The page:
CHARLESTON, W.Va. -- Obamacare was enacted three and a half years ago, but only now do many people want to know what's in the law.
The Affordable Care Act (its other name) is very complicated, but even the basics, like ending insurance company pre-existing condition limitations, inducing most Americans, even if they are healthy, to have medical insurance, and financially helping those who can't afford the premiums, are still often misinterpreted or ignored.
This complexity has also led many Republicans, who previously complained of "death panels" and "a government takeover of health care," to discourage states from participating in Medicaid expansion or crafting exchanges, to frighten individuals, and to intimidate potentially helpful organizations, with their ultimate goals seemingly being to disrupt and confuse.
Now, they're threatening to shutdown the government or decline to raise the debt ceiling unless all Obamacare funding is stopped, apparently hoping that the resulting turmoil will benefit them politically in 2014, even though it may keep many of the eligible uninsured from getting coverage and improving their lives.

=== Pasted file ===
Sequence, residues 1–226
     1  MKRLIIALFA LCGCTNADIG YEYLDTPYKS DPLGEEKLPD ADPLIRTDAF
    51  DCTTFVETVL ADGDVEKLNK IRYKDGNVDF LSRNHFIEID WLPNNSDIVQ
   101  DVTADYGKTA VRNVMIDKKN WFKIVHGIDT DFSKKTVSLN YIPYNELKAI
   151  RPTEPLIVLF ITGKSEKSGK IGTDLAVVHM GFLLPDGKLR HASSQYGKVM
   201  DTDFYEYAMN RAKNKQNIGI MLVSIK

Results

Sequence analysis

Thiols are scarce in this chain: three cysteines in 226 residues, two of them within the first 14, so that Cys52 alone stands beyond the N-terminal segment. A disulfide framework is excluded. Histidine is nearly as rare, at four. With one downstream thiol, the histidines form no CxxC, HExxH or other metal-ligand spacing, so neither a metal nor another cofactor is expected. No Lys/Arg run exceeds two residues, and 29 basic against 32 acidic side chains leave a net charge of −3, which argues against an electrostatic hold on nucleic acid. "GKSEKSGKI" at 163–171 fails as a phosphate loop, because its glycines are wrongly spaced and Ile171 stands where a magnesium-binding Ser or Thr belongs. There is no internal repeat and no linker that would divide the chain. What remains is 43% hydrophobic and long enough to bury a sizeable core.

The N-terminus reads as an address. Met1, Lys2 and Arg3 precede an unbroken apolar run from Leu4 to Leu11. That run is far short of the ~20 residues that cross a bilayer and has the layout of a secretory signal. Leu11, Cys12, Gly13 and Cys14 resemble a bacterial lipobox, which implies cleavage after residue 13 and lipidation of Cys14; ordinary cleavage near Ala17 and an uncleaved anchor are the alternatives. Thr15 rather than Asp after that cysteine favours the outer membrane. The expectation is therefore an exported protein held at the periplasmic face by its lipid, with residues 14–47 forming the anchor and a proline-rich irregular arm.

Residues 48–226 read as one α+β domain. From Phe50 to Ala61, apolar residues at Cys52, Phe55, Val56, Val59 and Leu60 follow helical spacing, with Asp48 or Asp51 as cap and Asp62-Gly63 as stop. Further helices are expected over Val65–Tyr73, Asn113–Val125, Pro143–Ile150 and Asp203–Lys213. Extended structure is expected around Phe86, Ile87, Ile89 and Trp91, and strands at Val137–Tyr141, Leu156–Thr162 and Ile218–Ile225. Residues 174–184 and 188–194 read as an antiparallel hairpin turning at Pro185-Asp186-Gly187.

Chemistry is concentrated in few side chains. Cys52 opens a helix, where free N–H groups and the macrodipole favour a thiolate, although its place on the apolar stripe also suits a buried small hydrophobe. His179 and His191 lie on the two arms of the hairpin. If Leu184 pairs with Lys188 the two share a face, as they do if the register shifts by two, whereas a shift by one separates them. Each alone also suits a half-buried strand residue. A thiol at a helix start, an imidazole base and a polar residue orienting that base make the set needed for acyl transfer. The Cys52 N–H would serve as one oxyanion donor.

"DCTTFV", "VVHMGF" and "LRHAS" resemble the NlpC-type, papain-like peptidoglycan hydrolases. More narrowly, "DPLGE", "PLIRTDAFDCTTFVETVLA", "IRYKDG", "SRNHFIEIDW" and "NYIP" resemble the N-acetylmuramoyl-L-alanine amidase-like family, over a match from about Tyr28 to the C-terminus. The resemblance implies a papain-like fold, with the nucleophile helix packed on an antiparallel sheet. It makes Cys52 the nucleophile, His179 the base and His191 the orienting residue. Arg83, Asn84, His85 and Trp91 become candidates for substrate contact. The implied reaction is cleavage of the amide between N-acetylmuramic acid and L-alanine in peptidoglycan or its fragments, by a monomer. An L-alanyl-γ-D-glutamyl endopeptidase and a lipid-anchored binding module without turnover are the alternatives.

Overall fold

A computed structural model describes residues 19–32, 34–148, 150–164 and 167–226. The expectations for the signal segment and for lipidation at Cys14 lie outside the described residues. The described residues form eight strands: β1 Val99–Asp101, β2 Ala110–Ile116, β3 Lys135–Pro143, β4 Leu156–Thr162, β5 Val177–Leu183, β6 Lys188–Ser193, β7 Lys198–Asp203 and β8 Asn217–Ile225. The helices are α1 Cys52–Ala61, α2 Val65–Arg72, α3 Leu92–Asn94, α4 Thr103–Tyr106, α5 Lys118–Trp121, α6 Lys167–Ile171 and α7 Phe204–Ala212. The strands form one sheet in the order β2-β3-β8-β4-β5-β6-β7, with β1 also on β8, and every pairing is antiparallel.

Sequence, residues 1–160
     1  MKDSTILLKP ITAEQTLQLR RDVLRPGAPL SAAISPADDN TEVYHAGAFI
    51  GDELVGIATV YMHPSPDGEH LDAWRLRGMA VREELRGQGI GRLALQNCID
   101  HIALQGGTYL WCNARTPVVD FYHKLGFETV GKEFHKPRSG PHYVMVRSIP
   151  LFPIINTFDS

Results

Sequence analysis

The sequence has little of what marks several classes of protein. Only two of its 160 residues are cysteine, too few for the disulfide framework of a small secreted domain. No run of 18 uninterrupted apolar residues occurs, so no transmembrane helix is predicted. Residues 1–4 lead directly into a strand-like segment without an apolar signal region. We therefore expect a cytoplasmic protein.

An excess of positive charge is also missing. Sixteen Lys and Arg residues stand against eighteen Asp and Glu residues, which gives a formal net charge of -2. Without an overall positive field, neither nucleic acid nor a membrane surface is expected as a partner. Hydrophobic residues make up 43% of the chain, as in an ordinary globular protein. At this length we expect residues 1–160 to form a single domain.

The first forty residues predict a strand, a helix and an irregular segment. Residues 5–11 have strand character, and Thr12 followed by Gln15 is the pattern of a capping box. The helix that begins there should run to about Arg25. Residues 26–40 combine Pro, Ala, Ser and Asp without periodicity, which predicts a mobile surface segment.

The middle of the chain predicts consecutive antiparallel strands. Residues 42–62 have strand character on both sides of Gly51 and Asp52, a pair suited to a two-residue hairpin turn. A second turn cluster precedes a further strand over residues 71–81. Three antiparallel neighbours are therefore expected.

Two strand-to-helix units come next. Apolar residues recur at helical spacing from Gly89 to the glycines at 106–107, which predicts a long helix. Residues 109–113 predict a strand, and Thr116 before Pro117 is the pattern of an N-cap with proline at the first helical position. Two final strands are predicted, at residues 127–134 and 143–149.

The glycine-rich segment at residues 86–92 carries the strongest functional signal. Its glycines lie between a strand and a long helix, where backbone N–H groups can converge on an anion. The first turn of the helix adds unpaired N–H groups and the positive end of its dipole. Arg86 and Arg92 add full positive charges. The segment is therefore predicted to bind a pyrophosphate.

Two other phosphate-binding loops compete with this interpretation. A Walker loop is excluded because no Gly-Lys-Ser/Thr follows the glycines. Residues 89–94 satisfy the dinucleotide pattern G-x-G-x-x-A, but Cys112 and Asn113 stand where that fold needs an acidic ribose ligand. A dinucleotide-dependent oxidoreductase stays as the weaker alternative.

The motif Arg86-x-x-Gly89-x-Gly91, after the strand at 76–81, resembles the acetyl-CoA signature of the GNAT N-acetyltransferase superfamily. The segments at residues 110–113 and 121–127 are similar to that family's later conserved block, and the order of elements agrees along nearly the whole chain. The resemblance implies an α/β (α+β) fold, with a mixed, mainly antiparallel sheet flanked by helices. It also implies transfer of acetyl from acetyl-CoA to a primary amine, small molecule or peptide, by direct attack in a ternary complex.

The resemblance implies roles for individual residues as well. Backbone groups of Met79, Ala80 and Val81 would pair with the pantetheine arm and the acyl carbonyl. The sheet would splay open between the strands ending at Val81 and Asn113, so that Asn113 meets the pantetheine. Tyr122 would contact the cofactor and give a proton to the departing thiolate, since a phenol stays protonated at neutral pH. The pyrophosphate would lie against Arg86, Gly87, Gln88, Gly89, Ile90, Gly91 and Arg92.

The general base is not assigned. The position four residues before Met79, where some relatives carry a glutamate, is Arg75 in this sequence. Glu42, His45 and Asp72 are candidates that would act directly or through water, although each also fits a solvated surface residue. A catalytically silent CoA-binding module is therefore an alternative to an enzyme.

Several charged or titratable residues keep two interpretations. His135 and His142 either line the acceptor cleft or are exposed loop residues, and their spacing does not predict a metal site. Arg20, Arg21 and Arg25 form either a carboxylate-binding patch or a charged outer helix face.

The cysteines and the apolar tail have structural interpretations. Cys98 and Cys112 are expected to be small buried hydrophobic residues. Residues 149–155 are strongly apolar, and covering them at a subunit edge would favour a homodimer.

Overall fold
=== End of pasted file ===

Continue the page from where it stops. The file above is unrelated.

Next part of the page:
I generally try to avoid partisanship, but this situation demands straight talk. With their ongoing negative comments and actions concerning the politics and process of Obamacare, the Republicans seem to have amnesia about what happened with the 2003 Medicare Part D prescription drug bill.
They conveniently don't remember that this legislative centerpiece for George W. Bush became law with little, if any, Democratic support under quite unusual circumstances.
Specifically, passage in the House of Representatives involved a rule-violating three-hour late night vote that included some actions that were akin to outright bribery on the House floor. In the Senate, the Republicans used the budget reconciliation process (which they criticized loudly during action on Obamacare) to pass the bill with just 54 votes and then excluded the duly elected Democratic members of the conference committee from deliberations.
In 2005 and 2006, lest we forget, the initial efforts to implement Medicare Part D were downright messy. Trying to educate millions of computer-illiterate seniors about their often confusing choices as they created or changed their prescription drug coverage was a proverbial "train wreck".